The facts and shared mythology of an imaginary Western United States.

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Still: Deadwood, 2006

This paper was presented at the Glasgow International Fantasy Conversations (GIFCon) conference at the University of Glasgow in May, 2019, as part of the panel ‘Mapping the City Fantastic’.

Wild Bill Hicock was one of the greatest gamblers and gun shooters in the The West. He only sat with his back to the door once. It was during a card game, and no sooner had he sat down, then a young buck rolled into the saloon and shot him square in the back of the head. A giant fell that day, slumped right over a hand of cards, scattering everyone’s glasses of whiskey.

The chair where he died is still in that tavern, and for $5, you can sit in it. They don’t have a high enough liquor license, so a glass of whiskey is out of the question, but a bartender dressed as a saloon girl will get you a bottle of Miller Lite or an airplane bottle of chocolate liqueur shots.

Throughout Deadwood, South Dakota’s thinly attached facades, the neon colors of slots and dayglo permalighting spill out into the street. It is a town for gambling and drinking, but only if you like cheap, international brands of beer and plastic cups of tokens. There is a museum, and space for a rodeo, but they close early and open late. The Chinatown is commemorated with a plaque in an empty lot full of weeds and garbage.

Walking down the hill from our hotel in 2014, Deadwood is a city we know from television. A band of drunks roves the avenues, the street lighting leaves much to be desired. Walking from the miniscule downtown area back up to our hotel, still sober, and aching for anything to eat, we realize there is nothing to know in Deadwood. It’s a mythology as thin as its facades. It is, afterall, a quintessential Western town.

The Western is a genre conflated with a sense of place and presented from a singular point of view. It is a conglomeration of hyper-masculine morality and white superiority. Most importantly, it is a fantasy genre.

When we talk about the “The West” we’re describing a region of North America that was colonized by Americans beginning in the 19th century and had a shifting border. American claim to the midsection of the North American continent depended largely on resources discovered and how many settlers they could convince to move out, set up the framework for functioning communities, and ultimately process those resources.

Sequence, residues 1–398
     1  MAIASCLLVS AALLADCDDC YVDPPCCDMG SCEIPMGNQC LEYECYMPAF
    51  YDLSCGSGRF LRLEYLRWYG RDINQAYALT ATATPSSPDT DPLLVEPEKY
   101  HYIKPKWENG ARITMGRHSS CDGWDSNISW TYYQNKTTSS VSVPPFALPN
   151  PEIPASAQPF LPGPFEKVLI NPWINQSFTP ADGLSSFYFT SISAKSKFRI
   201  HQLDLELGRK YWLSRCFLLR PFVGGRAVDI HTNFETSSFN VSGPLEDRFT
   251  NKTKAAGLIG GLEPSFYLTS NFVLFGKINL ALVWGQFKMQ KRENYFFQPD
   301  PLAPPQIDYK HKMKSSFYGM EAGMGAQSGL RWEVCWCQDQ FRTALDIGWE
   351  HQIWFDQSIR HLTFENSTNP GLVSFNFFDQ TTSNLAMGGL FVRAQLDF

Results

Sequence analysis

Some of the region was purchased decades before it was worked into the American framework, but even in those areas claimed by nations, there were thriving communities with their own complex histories. Mythmaking is central to American identity. We are very little as a nation without the stories we have crafted about ourselves.

Convincing folks to move to these regions required hyping up the beauty and freedom of the American Frontier, weaving stories about what will be, while also dismissing the threats of making a life in country that was sometimes wild, and at other times made dangerous by the people already living there. Much of that propaganda still exists in our narratives today. This is the legacy of Manifest Destiny.

Three works I have chosen to discuss today are what we will call historiographic Westerns. They are not spaghetti, which offer a simplified lexicon of ethics in the West. Instead they are based on real writings, include larger-than-life characters who did in fact live, and may have citations. But like Spaghetti, they are based on the assumption that whites deserve their placement in the West; that their imperialism is not only only intended by a higher power, but has been worked at, and died for, and ultimately earned righteously.

Let us begin with Percival Everett’s “God’s Country”. In 1994, Everett published what may be the best spoof of the Western genre ever created. In an interview with VQR in 2015, he said:

God’s Country is a western because I’m playing with the form of the western. The western, to me, is a very precise genre. Precisely defined. Being placed in the West — I mean, is a movie that’s set in Los Angeles in 1997 a western?

Beginning with the raiding of main character Curt Marder’s homestead, we learn little about Marder’s background, but understand most of his character through basic tropes. He is white, because he holds himself superior to and uses slurs toward every person of color he meets, including the much more capable Jake. We know he is a man because he owns land, he lusts after women, and he understands that after his dog is shot and his wife carried off (while he watches, seemingly helpless against the faux-Indians raiding his household, or perhaps, too cowardly) it is his duty to carry her home. This last goal he never achieves.